DOC Imaging up

The avalanche of trial modifications, foreclosures and bank-owned real estate management requiring servicers to handle an unprecedented number of documents along with new technology has turned document imaging into a crucial link of the mortgage lending process. Add to that expectations that more and more predatory lawsuits will emerge, with many borrowers coming out as winners simply because servicers cannot produce all the documentation associated with the loan, as SigniaDocs president Tim Anderson warns, and his belief that it will prompt servicers to adopt full-scale imaging practices makes a lot of sense.

Loan modifications alone now require additional paperwork, but in this day and age doc custodians and paper files are becoming outdated. Servicers better prepare themselves because after all automation is possible only if document imaging is complete.

Data suggest the industry has renewed its focus on front-end loan processing as servicers try to find the best balance between using technology and manpower. Experts stress, however, that imaging a loan is not enough when creating the electronic loan file. Sometimes information gets lost or is not recorded through proper imaging preventing banks, borrowers and investors alike from getting an accurate evaluation of whether the loan is serviceable, should be assigned, or foreclosed. The loan data inventory index may show something, and the actual document images on file, another. Plus, servicers need to ensure imaging is securing recorded documents that are originals.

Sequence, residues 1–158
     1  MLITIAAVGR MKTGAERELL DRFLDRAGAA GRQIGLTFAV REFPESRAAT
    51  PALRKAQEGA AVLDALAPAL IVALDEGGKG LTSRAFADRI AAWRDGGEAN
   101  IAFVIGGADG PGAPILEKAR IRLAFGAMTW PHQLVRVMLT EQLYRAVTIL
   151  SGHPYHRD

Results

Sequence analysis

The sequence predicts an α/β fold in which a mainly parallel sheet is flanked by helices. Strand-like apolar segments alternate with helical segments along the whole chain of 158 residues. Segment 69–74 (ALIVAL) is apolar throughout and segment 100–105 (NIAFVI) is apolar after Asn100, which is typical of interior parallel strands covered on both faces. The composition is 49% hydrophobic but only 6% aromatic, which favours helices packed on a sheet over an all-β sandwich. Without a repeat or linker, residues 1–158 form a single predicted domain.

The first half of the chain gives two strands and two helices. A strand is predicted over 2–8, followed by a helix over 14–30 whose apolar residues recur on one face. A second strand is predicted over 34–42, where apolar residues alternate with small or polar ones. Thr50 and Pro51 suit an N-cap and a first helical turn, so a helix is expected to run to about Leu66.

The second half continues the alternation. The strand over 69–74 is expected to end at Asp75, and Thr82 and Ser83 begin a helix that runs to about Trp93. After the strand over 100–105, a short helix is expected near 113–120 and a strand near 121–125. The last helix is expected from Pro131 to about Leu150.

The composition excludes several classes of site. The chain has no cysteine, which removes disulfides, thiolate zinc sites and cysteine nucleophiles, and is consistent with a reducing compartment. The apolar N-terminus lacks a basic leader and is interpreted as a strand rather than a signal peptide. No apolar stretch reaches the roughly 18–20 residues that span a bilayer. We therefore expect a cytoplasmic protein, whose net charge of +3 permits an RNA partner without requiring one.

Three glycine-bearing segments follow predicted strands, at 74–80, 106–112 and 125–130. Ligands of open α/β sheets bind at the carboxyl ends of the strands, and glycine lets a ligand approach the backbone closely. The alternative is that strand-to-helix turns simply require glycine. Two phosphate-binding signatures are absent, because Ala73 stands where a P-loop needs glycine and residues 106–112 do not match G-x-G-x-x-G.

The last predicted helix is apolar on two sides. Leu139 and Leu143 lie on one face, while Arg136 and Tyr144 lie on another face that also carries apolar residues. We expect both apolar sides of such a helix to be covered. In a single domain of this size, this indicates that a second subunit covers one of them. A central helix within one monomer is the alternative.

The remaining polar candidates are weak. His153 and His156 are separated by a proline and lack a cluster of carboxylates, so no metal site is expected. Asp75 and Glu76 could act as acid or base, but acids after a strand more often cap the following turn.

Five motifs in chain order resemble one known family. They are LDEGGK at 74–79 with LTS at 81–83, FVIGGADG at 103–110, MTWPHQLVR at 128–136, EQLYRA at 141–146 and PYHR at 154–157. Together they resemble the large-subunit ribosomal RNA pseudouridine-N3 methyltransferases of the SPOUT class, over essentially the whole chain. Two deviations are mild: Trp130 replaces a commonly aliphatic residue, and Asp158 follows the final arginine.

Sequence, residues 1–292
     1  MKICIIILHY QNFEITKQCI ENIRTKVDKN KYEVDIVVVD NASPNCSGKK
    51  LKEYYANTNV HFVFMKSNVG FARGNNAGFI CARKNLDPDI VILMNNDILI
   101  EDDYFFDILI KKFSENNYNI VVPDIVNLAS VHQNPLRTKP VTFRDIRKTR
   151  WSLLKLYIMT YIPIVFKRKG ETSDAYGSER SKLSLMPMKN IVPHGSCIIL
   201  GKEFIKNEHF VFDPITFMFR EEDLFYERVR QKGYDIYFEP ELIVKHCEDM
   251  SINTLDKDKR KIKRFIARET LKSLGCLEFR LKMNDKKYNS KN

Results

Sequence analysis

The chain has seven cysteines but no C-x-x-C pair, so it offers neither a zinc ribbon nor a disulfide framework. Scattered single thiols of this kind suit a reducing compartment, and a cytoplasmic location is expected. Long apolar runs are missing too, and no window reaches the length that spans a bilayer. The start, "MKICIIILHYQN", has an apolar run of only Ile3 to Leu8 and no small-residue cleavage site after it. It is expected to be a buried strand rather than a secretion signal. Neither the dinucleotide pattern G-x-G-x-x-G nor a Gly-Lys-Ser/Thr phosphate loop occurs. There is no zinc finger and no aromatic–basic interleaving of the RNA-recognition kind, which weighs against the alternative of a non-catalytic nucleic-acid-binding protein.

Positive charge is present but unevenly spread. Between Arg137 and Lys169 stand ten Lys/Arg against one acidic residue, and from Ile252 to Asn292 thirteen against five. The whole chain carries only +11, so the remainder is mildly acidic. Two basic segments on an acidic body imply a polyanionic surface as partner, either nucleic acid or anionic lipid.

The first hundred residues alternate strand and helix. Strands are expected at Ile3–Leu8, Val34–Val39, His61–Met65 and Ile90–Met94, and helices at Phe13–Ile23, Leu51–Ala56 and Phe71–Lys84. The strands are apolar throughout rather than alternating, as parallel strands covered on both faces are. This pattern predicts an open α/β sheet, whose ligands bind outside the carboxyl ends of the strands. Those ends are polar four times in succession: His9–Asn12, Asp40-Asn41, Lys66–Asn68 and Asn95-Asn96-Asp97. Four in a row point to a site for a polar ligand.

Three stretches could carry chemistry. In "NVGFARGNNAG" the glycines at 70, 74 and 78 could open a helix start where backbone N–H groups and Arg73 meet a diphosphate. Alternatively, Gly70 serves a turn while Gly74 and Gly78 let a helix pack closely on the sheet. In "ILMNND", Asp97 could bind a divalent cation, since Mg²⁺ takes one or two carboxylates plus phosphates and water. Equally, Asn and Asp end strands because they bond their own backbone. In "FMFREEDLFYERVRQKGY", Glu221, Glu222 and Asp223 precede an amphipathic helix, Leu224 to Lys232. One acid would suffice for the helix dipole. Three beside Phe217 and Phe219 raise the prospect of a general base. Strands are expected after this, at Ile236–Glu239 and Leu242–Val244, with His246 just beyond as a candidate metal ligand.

Other experts say imaging and recording data are as crucial to the mortgage process as facilitating information access to database users. Having needed information is one thing, finding it in seconds, quite another. Foreclosures happened before, says Conexxus founder Jeff Reibel, but the scale and the technological environment in the marketplace this time around are completely different. And that represents both a challenge and an opportunity for the industry.

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